Southern Cross set to shut down

Southern Cross is to stop running care homes after all its landlords said they wanted to leave the group.

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Southern Cross is to stop running care homes after all its landlords said they wanted to leave the group.

In a statement released today, the ailing operator said: “All landlords have indicated, through the restructuring committee, their intention to leave the group.”

“It is currently envisaged that the existing group will cease to be an operator of homes at the end of the restructuring period.” 

Southern Cross said that 250 care homes will be transferred back to landlords who are themselves operators, such as Four Seasons, while new operators will take over the running of the remaining portfolio.

Landlords responsible for these homes are currently finalising their plans, but it is likely the group’s current operational management will help run these homes, said Southern Cross, which added that the landlords were committed to maintaining continuity of care.

All care home staff will be transferred to their new operators on their current terms, the statement added.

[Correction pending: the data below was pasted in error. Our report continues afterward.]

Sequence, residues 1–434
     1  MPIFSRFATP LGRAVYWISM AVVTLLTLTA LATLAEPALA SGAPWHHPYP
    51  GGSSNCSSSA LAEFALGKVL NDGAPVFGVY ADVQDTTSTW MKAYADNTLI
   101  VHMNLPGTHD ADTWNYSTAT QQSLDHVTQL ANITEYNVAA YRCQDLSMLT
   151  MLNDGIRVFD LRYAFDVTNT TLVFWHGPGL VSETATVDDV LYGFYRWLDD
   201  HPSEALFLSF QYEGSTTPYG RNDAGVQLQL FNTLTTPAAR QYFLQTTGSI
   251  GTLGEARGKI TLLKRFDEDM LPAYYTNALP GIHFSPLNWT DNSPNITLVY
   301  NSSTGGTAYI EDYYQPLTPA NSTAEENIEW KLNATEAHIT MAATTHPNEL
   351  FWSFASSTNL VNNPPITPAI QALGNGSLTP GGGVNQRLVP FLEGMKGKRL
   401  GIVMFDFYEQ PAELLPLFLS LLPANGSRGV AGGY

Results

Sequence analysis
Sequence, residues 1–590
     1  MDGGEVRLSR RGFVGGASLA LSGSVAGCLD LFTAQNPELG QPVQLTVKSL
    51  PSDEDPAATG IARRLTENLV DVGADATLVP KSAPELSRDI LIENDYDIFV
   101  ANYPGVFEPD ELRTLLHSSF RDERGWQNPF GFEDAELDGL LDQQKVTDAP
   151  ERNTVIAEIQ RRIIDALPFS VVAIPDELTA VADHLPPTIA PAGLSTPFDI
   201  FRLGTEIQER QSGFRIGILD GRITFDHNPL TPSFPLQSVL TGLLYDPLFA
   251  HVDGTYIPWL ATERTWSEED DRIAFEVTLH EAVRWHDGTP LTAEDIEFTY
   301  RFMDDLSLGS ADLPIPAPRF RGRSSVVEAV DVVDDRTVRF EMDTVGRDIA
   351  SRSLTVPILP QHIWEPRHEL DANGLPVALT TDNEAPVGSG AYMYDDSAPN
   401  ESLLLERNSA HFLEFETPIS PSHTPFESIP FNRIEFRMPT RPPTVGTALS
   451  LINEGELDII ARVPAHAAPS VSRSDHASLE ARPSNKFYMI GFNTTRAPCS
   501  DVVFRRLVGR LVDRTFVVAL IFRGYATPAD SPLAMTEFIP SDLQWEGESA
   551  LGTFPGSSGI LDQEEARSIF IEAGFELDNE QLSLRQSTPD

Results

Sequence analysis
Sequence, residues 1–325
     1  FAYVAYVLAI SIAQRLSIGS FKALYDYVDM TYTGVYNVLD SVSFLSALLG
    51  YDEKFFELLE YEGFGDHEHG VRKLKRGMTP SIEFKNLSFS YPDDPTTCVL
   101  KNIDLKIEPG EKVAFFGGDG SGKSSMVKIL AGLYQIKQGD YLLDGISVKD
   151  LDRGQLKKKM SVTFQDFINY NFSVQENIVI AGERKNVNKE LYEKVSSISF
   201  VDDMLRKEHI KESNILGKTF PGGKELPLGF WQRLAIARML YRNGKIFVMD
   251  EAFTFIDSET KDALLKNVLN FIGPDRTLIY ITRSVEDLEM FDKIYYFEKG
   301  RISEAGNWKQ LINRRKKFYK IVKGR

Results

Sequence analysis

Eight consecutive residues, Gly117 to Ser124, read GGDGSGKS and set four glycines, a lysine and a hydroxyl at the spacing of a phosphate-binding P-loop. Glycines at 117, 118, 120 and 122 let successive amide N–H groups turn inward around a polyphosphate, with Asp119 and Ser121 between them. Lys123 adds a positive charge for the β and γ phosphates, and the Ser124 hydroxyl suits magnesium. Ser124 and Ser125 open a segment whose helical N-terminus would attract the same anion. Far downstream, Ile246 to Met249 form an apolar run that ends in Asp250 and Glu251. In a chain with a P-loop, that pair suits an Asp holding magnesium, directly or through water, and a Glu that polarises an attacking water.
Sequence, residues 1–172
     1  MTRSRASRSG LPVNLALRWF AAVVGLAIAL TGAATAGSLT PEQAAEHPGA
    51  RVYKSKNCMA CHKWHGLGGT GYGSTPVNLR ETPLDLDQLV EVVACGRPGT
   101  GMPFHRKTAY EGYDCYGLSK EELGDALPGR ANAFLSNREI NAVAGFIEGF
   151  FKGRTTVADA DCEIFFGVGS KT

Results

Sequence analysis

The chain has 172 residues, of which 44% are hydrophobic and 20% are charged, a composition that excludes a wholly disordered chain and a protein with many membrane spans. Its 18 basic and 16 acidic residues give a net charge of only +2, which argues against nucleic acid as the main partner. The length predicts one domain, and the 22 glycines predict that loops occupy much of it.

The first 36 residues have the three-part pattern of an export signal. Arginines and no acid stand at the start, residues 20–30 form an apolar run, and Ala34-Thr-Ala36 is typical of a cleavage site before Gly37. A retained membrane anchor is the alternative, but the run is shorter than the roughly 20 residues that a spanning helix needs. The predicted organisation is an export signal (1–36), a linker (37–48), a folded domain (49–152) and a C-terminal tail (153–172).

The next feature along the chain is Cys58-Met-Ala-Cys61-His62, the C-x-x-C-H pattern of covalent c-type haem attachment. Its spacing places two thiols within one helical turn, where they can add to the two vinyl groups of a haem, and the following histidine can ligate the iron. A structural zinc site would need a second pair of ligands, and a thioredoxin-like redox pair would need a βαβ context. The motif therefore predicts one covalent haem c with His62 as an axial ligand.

Trading in the company’s shares has been suspended.

Chairman Christopher Fisher said: “We are now able to begin clarifying the arrangements for the future operation of our homes.  The process of change on which we are now embarking involves considerable effort on the part of our management and staff and their commitment and loyalty is much appreciated.
 
“We anticipate that the period of uncertainty which we have been experiencing will now draw to a close.  We regret the loss of value which shareholders have experienced.”

English Community Care Association chief executive Martin Green said he was “confident that there will be a managed transition to new ownership”.

“When the situation has stabilised we must look forensically at what were the underlying causes of this business failure, and through intelligent commissioning and appropriate resourcing we can ensure a vibrant and sustainable social care sector,” he added. “Residential provision has the potential not only to deliver long-term care, but also to support sub-acute and reablement services.  The future must be about proper funding and a dynamic and responsive business model that bridges the interface between health and social care.”

 

 

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